Presenter Information:
Presenter 1: Name: Valerie Odeh
Valerie Odeh, BS; graduated from the University of Arizona with a Bachelor of Science in Speech, Language and Hearing Sciences in May 2007. Presently work as a Follow-up Specialist for the Arizona Department of Health Services Newborn Screening Program.
Presenter 2: Name: Keith Garrett
Keith Garrett, BS, MA; I am a native Phoenician but after many years in Colorado came back to Phoenix in 2002 with my 16 year old son and 8 year old daughter (they were 10 and 2 at the time). In 2003 my daughter was identified with a moderate hearing loss and she began wearing bilateral BTE hearing aids and attending Desert Voices Oral Learning Center. She is now mainstreamed at a charter school in Phoenix. I currently work as a Follow-up specialist for state of Arizona’s Newborn Hearing Screening Program in the Department of Health Services. Prior to that I served as the Audiology Technician at Phoenix Children’s hospital where I coordinated the newborn hearing screening program. I also serve as a founding board member of the Arizona chapter of Hands and Voices.
Author Information:
Author 1: Name: Valerie Odeh
Affiliation: Arizona Dept. of Heath Services
Author 2: Name: Keith Garrett
Affiliation: Arizona Dept. of Heath Services
Abstract Information:
Title: Enhancing Collaboration and Education through Follow-up
Primary Track: 1-EHDI Program Enhancement
Keyword(s): Education, Collaboration, Family, Follow-up


The Arizona Newborn Hearing Screening program takes an active role in notifying and educating parents and physicians based on the 1-3-6 model. As the program developed it has been essential to examine and reassess the approach through which follow-up was conducted. Education and collaboration are integral components of the follow-up process which we continually strive to persist in order to maintain the standard of care for all children screened in Arizona. The current process for notifying and educating parents and doctors is through letters based on the 1-3-6 model. However, we identified a need to enhance educational materials based on the stages of the EHDI 1-3-6 goals. The Arizona NICHQ Project, which began in April 2006, modeled the “Family Checklist – Infant Hearing” guide based on the concept developed by NCHAM and other state EHDI programs. The Family Checklist was modified and expanded to enable utilization by families, medical homes and other professionals. By implementing the “Family Checklist – Infant Hearing” guide through a small test of change in the 1 month notification system, we hope to provide a guide and an educational tool for parents on the steps necessary for identifying appropriate services for their children. The checklist will also prove to be a valuable tool for healthcare providers to collaborate with parents and specialists to ensure the completion of services at the appropriate time. The efficacy of this tool will be monitored through a survey presented to both parents and physicians during phone conversations.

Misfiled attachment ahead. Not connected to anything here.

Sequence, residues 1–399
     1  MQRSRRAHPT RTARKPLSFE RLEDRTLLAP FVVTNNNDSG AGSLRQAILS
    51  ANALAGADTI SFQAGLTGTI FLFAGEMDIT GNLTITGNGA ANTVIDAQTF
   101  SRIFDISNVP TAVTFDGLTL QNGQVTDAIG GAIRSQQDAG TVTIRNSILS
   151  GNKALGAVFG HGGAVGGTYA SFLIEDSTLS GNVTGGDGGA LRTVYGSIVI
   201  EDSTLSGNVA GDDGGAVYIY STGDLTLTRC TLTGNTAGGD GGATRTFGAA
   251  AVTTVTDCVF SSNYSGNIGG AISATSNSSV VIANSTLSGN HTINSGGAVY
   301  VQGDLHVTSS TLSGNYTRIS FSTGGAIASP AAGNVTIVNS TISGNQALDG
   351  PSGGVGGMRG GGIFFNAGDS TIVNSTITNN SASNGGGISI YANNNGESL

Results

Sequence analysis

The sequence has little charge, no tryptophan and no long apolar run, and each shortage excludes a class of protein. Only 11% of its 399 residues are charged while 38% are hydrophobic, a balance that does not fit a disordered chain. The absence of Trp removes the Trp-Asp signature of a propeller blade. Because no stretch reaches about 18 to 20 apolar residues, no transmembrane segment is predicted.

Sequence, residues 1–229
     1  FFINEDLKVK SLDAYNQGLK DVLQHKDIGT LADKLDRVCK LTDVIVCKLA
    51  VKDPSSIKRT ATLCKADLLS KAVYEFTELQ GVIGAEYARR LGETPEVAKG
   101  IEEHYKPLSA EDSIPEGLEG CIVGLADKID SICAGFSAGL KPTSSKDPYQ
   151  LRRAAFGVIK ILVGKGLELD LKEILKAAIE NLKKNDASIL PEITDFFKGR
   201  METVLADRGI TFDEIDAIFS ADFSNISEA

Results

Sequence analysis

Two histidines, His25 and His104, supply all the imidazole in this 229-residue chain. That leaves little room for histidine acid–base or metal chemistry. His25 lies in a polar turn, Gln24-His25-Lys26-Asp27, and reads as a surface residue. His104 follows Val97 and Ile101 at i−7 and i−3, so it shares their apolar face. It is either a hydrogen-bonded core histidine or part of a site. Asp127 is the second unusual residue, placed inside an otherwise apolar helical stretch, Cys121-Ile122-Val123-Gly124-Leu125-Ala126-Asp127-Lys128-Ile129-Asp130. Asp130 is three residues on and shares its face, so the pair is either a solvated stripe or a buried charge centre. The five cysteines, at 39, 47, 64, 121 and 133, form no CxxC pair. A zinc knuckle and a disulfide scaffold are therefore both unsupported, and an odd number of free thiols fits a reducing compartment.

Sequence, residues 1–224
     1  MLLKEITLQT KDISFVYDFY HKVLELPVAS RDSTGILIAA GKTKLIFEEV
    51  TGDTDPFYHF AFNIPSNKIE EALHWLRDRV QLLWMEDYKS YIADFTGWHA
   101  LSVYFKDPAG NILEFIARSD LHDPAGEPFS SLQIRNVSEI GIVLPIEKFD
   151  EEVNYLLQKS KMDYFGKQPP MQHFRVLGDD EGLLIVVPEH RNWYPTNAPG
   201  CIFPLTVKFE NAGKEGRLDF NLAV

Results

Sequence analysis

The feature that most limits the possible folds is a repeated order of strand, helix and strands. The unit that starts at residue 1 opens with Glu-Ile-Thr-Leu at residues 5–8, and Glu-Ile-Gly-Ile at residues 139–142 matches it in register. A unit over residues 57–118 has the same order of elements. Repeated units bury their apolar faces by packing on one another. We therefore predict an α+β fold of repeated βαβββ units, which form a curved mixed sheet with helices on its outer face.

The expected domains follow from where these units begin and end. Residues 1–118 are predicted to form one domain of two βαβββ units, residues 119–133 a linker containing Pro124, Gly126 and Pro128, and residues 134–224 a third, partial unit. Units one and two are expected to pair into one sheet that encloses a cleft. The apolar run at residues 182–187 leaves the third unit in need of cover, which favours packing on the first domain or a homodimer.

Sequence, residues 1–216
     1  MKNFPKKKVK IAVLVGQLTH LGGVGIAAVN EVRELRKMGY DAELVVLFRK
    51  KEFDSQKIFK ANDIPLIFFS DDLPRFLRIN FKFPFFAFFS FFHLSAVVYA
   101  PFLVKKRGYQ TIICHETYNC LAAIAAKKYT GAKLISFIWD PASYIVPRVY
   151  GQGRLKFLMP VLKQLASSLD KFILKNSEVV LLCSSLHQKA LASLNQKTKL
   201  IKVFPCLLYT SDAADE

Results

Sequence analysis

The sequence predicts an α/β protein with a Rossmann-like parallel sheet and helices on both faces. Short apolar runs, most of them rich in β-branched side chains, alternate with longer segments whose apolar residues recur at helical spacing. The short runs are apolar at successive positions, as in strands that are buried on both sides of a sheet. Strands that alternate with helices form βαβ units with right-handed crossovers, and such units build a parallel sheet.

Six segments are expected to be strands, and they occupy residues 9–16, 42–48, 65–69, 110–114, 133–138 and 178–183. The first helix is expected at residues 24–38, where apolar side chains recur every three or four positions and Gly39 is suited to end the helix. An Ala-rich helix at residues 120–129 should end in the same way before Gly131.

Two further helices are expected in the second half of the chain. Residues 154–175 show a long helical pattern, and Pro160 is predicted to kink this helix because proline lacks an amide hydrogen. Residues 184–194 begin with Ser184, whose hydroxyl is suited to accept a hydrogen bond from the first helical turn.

Presentation(s): Not Available
Handouts: Not Available